Now, one friendship Ms. Park does have has imperiled her presidency.
The friend, the daughter of a cult leader who once claimed to speak with Ms. Park’s murdered mother, sought to enrich herself through ties to the presidential office, South Korean prosecutors have alleged in an extortion indictment. The friend also received access to classified presidential policy documents, they say.
The snowballing political drama is paralyzing the government of South Korea, a close U.S. ally, at a time when the Obama administration considers North Korea and its increasingly aggressive nuclear strategy to be the top national security priority for the next administration.
Prosecution documents reviewed by The Wall Street Journal say that foundations set up by the president’s friend, a 60-year-old woman named Choi Soon-sil, allegedly used her presidential ties to wrest millions of dollars in donations from Korean conglomerates. Prosecutors have raided most of South Korea’s biggest business groupsseeking evidence. Some of the money, prosecutors believe, went to pay for Ms. Choi’s affluent lifestyle and her daughter’s equestrian aspirations.
A political scandal linking South Korea’s President Park Geun-hye to a charismatic cult leader and his daughter has prompted hundreds of thousands to demonstrate in the streets. The Wall Street Journal looks at how she got there. Photo: AP
Both Ms. Park and Ms. Choi deny the accusations. The president, in a tearful televised statement this month, disputed colorful reports in the Korean press that include shamanistic rituals supposedly held in the presidential office. Such claims are a “house of fantasy,” Ms. Park’s lawyer said.
The denials haven’t stemmed a clamor for her resignation. Five mass rallies in five weeks have demanded the president’s ouster, with organizers estimating over a million protesters gathered in Seoul on Saturday. In surveys, Ms. Park’s approval rating has sunk to 4%. One poll showed that 80% of South Koreans favor impeaching her.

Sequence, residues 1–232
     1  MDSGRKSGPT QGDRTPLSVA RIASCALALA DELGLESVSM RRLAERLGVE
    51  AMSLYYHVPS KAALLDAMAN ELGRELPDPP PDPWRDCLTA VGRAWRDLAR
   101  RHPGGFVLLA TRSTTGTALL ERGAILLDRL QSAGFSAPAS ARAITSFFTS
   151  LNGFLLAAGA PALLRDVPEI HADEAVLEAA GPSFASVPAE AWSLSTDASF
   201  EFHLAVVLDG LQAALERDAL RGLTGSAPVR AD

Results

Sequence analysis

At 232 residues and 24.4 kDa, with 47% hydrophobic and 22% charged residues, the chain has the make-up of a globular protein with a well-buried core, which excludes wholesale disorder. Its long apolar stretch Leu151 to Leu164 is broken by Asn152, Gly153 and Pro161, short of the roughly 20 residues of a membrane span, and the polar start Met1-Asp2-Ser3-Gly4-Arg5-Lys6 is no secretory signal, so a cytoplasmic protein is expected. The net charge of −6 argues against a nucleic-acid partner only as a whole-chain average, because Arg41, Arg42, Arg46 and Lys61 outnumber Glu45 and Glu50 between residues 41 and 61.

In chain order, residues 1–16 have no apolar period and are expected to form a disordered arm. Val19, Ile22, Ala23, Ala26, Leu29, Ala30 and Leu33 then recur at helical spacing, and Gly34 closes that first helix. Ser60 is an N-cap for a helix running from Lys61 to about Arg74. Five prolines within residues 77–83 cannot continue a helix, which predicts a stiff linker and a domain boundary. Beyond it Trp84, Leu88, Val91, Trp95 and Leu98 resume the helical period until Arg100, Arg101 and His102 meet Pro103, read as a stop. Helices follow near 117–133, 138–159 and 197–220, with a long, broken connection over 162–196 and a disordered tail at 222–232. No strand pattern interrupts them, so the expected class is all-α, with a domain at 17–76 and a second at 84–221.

Opposition parties say they will push for an impeachment vote by early December if Ms. Park doesn’t step down. She has given no indication she will, though she has offered to share power with a new prime minister suggested by the opposition.
Even if she survives the tumult, Ms. Park’s diminished political authority presents risks for the U.S. and an early foreign-policy challenge for President-elect Donald Trump. The U.S. relies on close ties with Seoul to manage dangers presented by a bellicose North Korea. The U.S. has around 28,500 troops based in South Korea.
Ms. Park wants to deploy a sophisticated U.S. missile system next year to defend against North Korea’s advancing nuclear-weapons program. Opposition leaders, by contrast, put priority on closer ties with China, which strongly disapproves of the missile-shield idea, at a time when other Asian countries such as the Philippines and Malaysia are tilting toward Beijing. Ms. Park’s domestic opponents also seek to break with Washington by rolling back the sanctions pressure on Pyongyang. Read the rest of this entry »
Hundreds of thousands of people flooded Seoul’s streets on Saturday demanding the resignation of Park amid an explosive political scandal, in what may be South Korea’s largest protest in three decades.
SEOUL (AP) — Hundreds of thousands of people flooded Seoul’s streets on Saturday demanding the resignation of President Park Geun-hye amid an explosive political scandal, in what may be South Korea’s largest protest since it shook off dictatorship three decades ago.
“Park’s presidency has been shaken by suspicion that she let a shadowy longtime confidante manipulate power from behind the scenes. Protest organizers estimated the crowd at 1 million.”
Police said about 260,000 people turned out for the latest mass rally against Park, whose presidency has been shaken by suspicion that she let a shadowy longtime confidante manipulate power from behind the scenes. Protest organizers estimated the crowd at 1 million.
“People said it was a bad idea to bring my kids here, but I want them to remember today…and learn that democracies are built on participation.”
Waving banners and signs, a sea of demonstrators jammed streets stretching about a kilometer from City Hall to a large square in front of an old palace gate for several hours, roaring and applauding to speeches calling for Park’s ouster.
“In addition to allegedly manipulating power, the president’s confidante, Choi Soon Sil, is also suspected of exploiting her presidential ties to bully companies into donating tens of millions of dollars to foundations she controlled.”